About 71 per cent Indians say they take notice of packaged goods’ labels containing nutritional information compared to two years ago but only 59 per cent Indians mostly understand the nutritional panels and labels that they read on the food packaging, according to findings from a recent internet survey on food labelling and nutrition conducted in 51 countries by Nielsen Company.
Secondly, it is the fat content that drives more than half of Indian consumers to check the labels on food packaging. About 60 per cent Indian respondents surveyed check food labels for fat, followed by calories (58 per cent) and preservatives (52 per cent).
The percentage of people who check nutritional information has increased from 49 per cent to 59 per cent in the last two years. With 59 per cent, India also tops Asia-Pacific in its understanding of nutritional labels. North Americans lead the race in understanding food labelling with 67 per cent.
“Indians were never so busy before; long work hours, long commute, working mothers, nuclear family and so on has left very little time in their hands for household chores like cooking. Quite naturally, packaged products are making an entry in a big way in the Indian kitchen... This surely indicates an opportunity for savvy food manufacturers to use nutritional labelling as a powerful marketing tool,” said Chandana Banerji, director, client solutions, Nielsen Company.
About 37 per cent Indians said that they always check the nutritional information when buying packaged goods and 35 per cent agreed to checking labels when they are thinking of buying a product for the first time, while 28 per cent check the labels when buying certain food types. 10 per cent respondents agreed to check labels when they are on a diet and also when they have the time.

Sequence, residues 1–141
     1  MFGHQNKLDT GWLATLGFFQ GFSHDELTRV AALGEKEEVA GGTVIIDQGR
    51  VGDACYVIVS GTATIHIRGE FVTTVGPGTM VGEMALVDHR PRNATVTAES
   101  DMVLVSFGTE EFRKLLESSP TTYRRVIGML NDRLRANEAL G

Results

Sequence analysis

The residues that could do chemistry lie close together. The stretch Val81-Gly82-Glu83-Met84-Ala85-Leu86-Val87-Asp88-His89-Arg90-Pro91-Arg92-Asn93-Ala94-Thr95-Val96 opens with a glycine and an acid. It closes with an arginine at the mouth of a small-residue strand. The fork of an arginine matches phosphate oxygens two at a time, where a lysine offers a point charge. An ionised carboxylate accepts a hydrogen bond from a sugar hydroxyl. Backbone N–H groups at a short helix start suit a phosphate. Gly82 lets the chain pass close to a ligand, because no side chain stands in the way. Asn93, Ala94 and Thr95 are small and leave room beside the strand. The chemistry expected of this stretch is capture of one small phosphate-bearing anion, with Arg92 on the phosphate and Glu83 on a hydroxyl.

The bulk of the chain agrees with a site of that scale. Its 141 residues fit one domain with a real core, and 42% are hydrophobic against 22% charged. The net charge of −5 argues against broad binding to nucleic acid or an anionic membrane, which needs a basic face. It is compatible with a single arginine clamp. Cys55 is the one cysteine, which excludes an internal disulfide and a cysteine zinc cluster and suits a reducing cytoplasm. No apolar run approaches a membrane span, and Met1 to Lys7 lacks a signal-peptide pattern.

After fat and calories, other nutritional information for which Indians check the labels are protein content (48 per cent), carbohydrates and additives (46 per cent), colouring (45 per cent) and sugar (44 per cent).
Sugar, however, appears quite low on the list of concerns for Indians. Artificial additives have taken precedence. This resonates with findings from another global survey conducted in 2007 by Nielsen on functional foods — according to the global Nielsen organic and functional food survey, 33 per cent Indian consumers considered a product with full sugar but no artificial flavours/colours/additives to be healthier than a product reduced in calories but with artificial substitutes.
“In recent times, health, diet and lifestyle issues have become a prominent feature among Indian consumers. People are obsessed with healthy living and it is also reflected in the pace at which the ‘health and wellness’ industry has been growing of late. It is, therefore, an opportunity for marketers to add an element of ‘healthiness’ to their products and cash in on the obsession,” continued Banerji.
The Nielsen global online consumer survey was conducted by Nielsen in April 2008 among 28,253 internet users in 51 markets from Europe, Asia-Pacific, North America and West Asia
6 months ago